I like to call myself an ambivert. While I inch closer to an introvert, I find that a little limiting to my actual personality traits: I’m typically completely at ease in situations with a lot of people, I am a friendly, bubbly person who enjoys meeting new people and getting to know them, but after a while I get really exhausted and just want to curl up with a book and read (there goes my introversion showing again!). I’ve found being an introvert to be a double-edged sword in new situations (like traveling solo or moving to a new city): I am comfortable and happy being by myself, but sometimes I am too comfortable and I can easily fall into a rut of being alone that quickly folds into loneliness (my kryptonite is that I love being alone but I get nervous and sad if I am alone for too long. Don’t we all, though?).
One of my biggest struggles in the past has been pushing myself out of my comfort zone and endeavoring to meet new people. If I am already thrown into a situation where I have to interact with new friends (start of college, a new job, a party) I can do just dandily, but I shy away from having to make the effort myself. I failed miserably at making new friends while in London. I kept intending to find some friends outside of my immediate circle of coworkers, but with the business of work, my hectic travel schedule, and the knowledge that I would be leaving in December, I figured there was no point. There’s a similar vibe with traveling solo: I met plenty of people through activities, hostels, and guesthouses, but since everyone is on their way to somewhere else, these were mostly one-off situations (or, in the smaller cities, multiple run-ins, which was fun but still had an expiration date).
I wanted this to be different when I moved to Boston. This was my first time moving somewhere new where I would be living for the foreseeable future since I had left for college when I was 18. Even when I graduated college, I stayed in DC, as did most of my friends. No need to make new ones! But I made a leap of faith when I decided to move to a new city 500 miles away from DC and 700 miles away from my hometown, and this time, I was going to get out of my comfort zone.
I am incredibly lucky that I already have a strong support system in Boston, with several friends from different parts of my life who already live here. But now that I’m past my two month mark, I’ve started to acknowledge that I need to have friends here who I didn’t already have before. Enter: book club.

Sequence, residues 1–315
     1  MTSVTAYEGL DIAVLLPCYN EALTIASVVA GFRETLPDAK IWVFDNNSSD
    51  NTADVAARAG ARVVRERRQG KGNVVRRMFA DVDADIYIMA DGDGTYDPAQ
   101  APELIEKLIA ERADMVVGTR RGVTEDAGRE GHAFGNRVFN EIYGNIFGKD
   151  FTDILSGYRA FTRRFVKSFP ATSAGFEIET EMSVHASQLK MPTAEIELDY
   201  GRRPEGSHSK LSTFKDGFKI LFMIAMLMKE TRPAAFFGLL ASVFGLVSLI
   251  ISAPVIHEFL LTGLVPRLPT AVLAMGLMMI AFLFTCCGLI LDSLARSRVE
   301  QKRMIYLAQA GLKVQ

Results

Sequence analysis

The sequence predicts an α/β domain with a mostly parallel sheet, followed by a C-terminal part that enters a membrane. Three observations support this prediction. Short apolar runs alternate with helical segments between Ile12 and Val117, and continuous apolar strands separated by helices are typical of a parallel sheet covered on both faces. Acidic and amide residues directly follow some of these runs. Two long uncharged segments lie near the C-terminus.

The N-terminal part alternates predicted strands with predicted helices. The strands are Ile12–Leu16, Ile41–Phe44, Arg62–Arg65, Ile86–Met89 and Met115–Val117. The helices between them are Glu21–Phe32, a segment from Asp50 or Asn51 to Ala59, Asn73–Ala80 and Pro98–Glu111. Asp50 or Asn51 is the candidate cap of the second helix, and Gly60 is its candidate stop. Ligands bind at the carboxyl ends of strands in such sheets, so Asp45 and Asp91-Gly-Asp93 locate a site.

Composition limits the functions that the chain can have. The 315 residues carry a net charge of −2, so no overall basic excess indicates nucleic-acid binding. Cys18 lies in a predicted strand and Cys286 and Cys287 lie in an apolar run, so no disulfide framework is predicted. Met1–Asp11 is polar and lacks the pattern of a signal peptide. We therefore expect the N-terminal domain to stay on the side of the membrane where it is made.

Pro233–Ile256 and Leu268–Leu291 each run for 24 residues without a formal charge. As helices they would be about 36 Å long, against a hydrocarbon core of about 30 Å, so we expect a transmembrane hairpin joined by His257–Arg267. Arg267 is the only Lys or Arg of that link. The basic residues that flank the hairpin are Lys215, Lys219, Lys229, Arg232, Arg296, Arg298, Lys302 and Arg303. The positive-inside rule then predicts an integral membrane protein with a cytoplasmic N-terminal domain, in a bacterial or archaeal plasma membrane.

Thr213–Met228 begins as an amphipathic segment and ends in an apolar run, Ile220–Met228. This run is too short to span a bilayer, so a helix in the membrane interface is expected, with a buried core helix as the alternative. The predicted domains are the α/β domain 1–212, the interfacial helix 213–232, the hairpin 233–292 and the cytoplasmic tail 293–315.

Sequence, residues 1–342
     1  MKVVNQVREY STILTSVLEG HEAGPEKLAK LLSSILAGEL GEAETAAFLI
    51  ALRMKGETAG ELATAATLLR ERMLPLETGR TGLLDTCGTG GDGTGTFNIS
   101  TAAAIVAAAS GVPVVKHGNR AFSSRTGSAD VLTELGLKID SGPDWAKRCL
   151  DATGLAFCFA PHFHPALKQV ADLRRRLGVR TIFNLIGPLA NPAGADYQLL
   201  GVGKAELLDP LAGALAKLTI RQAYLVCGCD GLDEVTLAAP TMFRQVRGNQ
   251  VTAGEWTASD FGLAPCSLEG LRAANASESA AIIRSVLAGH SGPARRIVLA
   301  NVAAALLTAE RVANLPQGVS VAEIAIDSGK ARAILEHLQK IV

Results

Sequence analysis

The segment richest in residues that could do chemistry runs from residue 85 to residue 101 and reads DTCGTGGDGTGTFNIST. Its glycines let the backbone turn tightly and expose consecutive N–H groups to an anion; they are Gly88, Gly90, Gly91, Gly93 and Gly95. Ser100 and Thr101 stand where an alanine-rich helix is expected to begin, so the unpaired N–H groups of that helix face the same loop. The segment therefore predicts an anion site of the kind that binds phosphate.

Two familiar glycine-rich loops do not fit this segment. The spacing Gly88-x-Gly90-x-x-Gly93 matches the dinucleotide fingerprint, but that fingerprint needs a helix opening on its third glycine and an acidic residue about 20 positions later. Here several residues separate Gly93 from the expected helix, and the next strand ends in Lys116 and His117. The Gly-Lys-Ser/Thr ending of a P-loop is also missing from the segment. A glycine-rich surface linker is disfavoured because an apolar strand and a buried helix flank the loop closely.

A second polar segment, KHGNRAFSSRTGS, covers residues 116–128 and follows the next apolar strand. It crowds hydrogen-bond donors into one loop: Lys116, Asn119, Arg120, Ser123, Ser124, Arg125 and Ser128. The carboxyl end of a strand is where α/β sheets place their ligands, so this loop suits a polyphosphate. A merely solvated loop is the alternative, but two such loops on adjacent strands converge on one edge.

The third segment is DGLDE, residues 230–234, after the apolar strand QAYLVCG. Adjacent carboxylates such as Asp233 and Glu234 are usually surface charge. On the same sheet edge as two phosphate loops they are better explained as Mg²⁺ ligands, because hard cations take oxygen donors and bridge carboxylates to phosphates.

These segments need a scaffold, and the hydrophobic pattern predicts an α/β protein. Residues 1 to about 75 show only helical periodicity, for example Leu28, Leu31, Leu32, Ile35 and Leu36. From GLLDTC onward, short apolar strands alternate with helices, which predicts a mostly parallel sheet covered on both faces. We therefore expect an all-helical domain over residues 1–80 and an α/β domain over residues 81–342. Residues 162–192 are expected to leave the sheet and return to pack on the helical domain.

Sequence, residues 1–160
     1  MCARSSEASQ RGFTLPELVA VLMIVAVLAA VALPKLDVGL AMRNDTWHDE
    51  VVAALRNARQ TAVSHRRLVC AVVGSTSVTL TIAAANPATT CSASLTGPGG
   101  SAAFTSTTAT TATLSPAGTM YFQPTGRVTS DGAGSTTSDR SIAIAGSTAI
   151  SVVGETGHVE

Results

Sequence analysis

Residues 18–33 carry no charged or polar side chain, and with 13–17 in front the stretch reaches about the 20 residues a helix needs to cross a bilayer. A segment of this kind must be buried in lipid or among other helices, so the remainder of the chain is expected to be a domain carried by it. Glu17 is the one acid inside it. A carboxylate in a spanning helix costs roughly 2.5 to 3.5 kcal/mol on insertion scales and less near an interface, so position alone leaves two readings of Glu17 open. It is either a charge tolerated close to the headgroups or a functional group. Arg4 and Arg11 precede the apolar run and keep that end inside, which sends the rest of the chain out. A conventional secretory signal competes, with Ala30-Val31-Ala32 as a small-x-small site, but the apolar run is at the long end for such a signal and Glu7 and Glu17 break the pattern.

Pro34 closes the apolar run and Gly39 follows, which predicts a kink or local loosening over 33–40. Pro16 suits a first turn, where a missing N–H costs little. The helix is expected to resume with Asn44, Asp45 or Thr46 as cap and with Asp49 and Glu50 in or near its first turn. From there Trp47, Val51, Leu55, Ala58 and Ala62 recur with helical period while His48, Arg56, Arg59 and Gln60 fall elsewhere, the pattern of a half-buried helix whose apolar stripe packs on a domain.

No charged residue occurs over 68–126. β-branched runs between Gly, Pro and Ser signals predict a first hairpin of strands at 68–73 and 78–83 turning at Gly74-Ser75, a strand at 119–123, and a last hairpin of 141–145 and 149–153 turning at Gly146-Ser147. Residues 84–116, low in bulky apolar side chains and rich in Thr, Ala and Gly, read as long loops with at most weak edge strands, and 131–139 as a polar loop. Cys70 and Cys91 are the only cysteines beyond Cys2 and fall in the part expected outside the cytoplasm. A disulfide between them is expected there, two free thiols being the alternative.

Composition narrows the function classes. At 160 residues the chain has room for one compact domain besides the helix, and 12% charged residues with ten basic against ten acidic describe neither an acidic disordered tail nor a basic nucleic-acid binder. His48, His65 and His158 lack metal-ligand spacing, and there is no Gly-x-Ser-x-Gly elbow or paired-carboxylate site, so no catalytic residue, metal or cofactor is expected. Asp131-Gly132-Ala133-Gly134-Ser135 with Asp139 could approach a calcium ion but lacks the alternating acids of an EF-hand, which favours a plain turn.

As you may have gathered by the fact that I tend to read about 7-10 books per month (and that’s a slow month), I really enjoy reading. Meetup.com is full of book clubs; what better way to meet new people than to have a set topic of conversation, I figured? I joined a bunch and waited for the stars to align with the perfect date, time, and group.
Despite my resolve, I was nervous as all get out when I was walking to meet the group. I actually texted my mother, “I’m about to go to a book club where I don’t know anyone. Mommy I’m scared but you should be proud of me!” I figured that if I hated it, I could just leave. And so I steeled my resolve and found – not so scary after all! I loved the ladies, loved talking about the book and other things, and will definitely return. Most importantly, I discovered an amazing new bar in Boston and I shall definitely return – probably with one of my ready-made friends, but who knows? Maybe I’ll go there with a new friend!
This reminds me of one of my favorite mantras from my favorite person Laura Maas: “Keep calm. Be brave.” I repeated it over and over when I was traveling in Asia and when I was working at a tough job in London. I can already see where this sometimes tough and stressful year has helped me grow: I might have been nervous when I walked into the new situations, but I still did it and look forward to the next time. I’m going to carry this thought around with me in my pocket as I continue to build my life here.